You deployed Office 365 and now you're faced with how to increase workplace productivity and efficiency. I understand the challenges.
Many clients I work with deploy Office 365 in stages. While they see increased efficiency with each part of Office 365 deployed, they face adoption and acceptance challenges around every corner. Their biggest challenges for increasing workplace efficiency come after the early wins.
Using Office 365 for email is an easy win
It's typical for our clients to deploy Office 365 as a cloud solution for email. Boom, that's it for their first step. That deployment alone brings great benefits like cost savings, increased efficiency and ease-of-access to email for users across various devices.
Next stop: Office 2016
Next up is usually an upgrade to Office 2016 on the desktop for some users, coupled with a future plan for "simple" E1 or G1 licenses for users that just crack the surface of desktop application functionality. Deployment of the Office Online applications sparks the conversation about OneDrive and SharePoint Online. Those online Office apps will require that documents and spreadsheets live in the cloud.
Next up, and often an ROI justifier, Skype for Business. It can provide businesses with cost savings by eliminating the need and associated costs of other software like WebEx or GoToMeeting. Streamlined communication and utilization of Instant Messaging (IM) that's integrated throughout the Office Suite can decrease email clutter and reduce the need for formal meetings that block employee's schedules and potentially limit a user's availability for other customer-centric work.
When does true measurable workplace efficiency begin?
While the deployment of anywhere email, using the Outlook client, Outlook on the Web and the newest addition, the Outlook App for Android and iOS, provides an always available experience for the user, and that's good for business, true workplace efficiency expands with user utilization of all of Office 365's capabilities.
Often times, deployment to the new version of Office is seen by the end-user and their managers as an upgrade and that's it. Managers and users aren't knowledgeable about the potential for increased productivity because they continue to use the newest version of Office the way they always have. You know what? That's not their fault. Many users of Office applications don't know what they don't know.
Whose role is it?
As an IT leader, it may not be in your job description, but sometimes it's an unwritten responsibility to help build awareness. The good news is you don't have to do it alone, but you'll need to recruit some help.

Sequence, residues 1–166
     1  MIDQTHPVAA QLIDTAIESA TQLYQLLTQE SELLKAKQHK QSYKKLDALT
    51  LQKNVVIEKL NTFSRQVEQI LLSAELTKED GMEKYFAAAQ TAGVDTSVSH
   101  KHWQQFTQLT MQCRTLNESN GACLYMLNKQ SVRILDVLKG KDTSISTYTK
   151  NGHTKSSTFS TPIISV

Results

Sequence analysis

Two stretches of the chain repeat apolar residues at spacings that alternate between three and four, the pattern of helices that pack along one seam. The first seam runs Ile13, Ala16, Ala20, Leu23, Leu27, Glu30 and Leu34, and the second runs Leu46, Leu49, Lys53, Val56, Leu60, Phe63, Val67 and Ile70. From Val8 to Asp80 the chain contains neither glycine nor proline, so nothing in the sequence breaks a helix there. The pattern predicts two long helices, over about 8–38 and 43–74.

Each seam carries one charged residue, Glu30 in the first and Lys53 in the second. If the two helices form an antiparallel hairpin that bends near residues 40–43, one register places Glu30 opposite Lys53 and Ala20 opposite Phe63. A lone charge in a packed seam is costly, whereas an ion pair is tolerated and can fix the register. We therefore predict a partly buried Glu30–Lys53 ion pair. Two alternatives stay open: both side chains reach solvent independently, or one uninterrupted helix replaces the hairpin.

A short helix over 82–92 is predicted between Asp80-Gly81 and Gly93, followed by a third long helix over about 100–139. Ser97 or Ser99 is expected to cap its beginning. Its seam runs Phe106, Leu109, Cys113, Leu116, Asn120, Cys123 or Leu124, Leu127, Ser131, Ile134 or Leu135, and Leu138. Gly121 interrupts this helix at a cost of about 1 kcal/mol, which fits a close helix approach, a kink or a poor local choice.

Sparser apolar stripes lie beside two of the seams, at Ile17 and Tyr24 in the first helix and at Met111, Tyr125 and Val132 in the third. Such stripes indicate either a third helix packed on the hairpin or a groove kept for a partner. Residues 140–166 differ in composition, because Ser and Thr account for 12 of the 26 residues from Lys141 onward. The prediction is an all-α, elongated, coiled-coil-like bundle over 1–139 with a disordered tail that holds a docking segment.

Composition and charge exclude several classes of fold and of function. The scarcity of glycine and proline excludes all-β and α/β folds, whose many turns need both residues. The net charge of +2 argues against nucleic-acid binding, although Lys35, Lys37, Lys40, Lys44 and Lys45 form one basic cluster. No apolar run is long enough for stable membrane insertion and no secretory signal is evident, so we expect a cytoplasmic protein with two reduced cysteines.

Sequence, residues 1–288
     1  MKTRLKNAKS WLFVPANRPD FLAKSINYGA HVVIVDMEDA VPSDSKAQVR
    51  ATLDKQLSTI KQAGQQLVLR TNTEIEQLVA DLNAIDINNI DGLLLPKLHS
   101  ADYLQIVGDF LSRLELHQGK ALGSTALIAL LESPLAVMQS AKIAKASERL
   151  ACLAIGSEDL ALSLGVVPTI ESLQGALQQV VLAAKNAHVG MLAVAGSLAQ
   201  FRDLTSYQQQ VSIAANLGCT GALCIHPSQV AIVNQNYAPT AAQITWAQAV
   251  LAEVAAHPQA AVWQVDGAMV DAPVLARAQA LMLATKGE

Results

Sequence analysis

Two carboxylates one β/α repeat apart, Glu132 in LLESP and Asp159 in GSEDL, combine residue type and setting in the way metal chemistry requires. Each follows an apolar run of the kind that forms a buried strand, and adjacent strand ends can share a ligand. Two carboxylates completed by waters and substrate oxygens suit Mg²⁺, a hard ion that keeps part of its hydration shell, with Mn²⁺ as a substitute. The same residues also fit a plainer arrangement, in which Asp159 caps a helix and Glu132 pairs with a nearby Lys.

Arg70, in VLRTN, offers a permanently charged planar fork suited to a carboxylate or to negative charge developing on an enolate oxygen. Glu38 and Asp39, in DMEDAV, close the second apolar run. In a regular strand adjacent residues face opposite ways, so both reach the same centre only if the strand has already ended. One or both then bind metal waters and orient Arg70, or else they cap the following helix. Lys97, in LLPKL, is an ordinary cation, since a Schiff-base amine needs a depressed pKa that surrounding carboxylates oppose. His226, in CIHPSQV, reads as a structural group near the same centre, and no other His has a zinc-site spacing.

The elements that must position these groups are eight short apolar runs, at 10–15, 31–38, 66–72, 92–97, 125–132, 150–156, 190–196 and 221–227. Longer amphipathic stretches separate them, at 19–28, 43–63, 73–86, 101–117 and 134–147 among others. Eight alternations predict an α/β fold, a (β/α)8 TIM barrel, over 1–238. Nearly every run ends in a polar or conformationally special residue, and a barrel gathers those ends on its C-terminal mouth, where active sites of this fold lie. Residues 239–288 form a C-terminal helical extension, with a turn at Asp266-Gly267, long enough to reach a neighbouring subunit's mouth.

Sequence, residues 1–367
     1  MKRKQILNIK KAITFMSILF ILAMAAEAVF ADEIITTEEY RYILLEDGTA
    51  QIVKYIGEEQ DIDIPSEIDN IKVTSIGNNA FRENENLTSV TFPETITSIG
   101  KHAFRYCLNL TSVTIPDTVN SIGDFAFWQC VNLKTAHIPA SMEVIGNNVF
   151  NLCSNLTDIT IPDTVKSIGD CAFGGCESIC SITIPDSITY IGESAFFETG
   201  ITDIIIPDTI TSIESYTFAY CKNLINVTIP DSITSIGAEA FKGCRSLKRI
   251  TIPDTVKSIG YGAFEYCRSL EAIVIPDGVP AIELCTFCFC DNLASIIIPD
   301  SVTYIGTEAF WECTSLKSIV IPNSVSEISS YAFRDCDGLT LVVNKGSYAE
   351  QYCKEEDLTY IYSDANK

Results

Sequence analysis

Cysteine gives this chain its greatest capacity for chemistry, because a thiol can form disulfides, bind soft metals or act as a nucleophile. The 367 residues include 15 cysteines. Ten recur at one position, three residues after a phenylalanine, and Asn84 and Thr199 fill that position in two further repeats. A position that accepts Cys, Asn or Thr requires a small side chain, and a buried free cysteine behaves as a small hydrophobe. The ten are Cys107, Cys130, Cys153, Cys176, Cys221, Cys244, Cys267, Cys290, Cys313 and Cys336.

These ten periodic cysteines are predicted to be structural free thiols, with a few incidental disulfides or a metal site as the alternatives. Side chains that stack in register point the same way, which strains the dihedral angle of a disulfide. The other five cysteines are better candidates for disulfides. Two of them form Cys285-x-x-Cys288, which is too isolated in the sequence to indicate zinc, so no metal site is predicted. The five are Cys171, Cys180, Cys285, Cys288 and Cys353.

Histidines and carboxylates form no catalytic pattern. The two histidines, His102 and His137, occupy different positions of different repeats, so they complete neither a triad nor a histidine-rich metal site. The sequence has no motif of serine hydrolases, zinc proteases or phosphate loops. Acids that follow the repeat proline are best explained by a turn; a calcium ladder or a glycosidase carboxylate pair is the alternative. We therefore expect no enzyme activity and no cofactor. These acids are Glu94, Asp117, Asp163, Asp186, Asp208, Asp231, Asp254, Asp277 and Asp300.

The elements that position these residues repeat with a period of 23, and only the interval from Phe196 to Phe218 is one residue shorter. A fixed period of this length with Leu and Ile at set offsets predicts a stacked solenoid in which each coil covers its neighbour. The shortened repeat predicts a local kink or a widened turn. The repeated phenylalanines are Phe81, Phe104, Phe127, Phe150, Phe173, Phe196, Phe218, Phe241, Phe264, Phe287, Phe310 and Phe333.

This past August I wrote about why you need an Office 365 champion. What I didn't really cover in that post was how to build your army of champions. A key component for successful user adoption is creating a tipping point.
I noted in that post, "Equipped with extra know-how, champions help transform the organization from within. They lead by example and help their peers use the technology more effectively." A great first step to winning your managers over is to understand their challenges.
So how do you get your champions onboard?
As an IT professional, you get it, you live and breathe technology and you're probably an early adopter. Being on the inside you understand and hopefully feel sympathetic to the challenges managers and users in your company experience.
Identifying from your mountaintop view a solution that can leverage Office 365 to improve a workflow or process for a manager is often the first tipping point for acceptance. Getting a manager's buy-in helps to build the awareness for Office 365 solutions and most importantly it helps them bring acceptance to that change to the end user.
Maybe it's terabytes of data that seem impossible for various reasons to move to the cloud, or perhaps it's a senior partner that's saying no to SharePoint and or OneDrive for fear of document leakage. Whatever the challenge, think small at first.
A massive trove of documents, that likely includes many that you don't even need, can be a big hill to climb. Instead look at a small block of content that can be effectively managed for a group in your organization. Think of it as an expedition to mount Everest. Each block of content that is moved, is a path towards the summit. When that content is established in the cloud make sure managers understand key benefits like: check in-check out, versioning options and search.
Show them Document or Library alerts. While simple, these are eye-opening WOW functions for many managers that are used to accessing files on a local network. Manager buy-in starts to open additional paths to the mountain top because now you're showing automation and workflow in a very small user-driven manner.
And for that VP who's concerned about document leakage or security, start to show them how that small batch of content being accessed in the cloud, is being better managed and is more secure than ever. Our friends at ShareGate have a great post: SharePoint Online Security: as Good as Your Bank's? Just like the managers, the fear in the C-suite isn't their fault. They probably have little or no knowledge about eDiscovery and what the Office 365 Security and Compliance Center can do to protect your businesses data.
You don't reach the summit overnight.
Workplace efficiency and change come over time. It takes lots of planning and a really good Sherpa. That's you.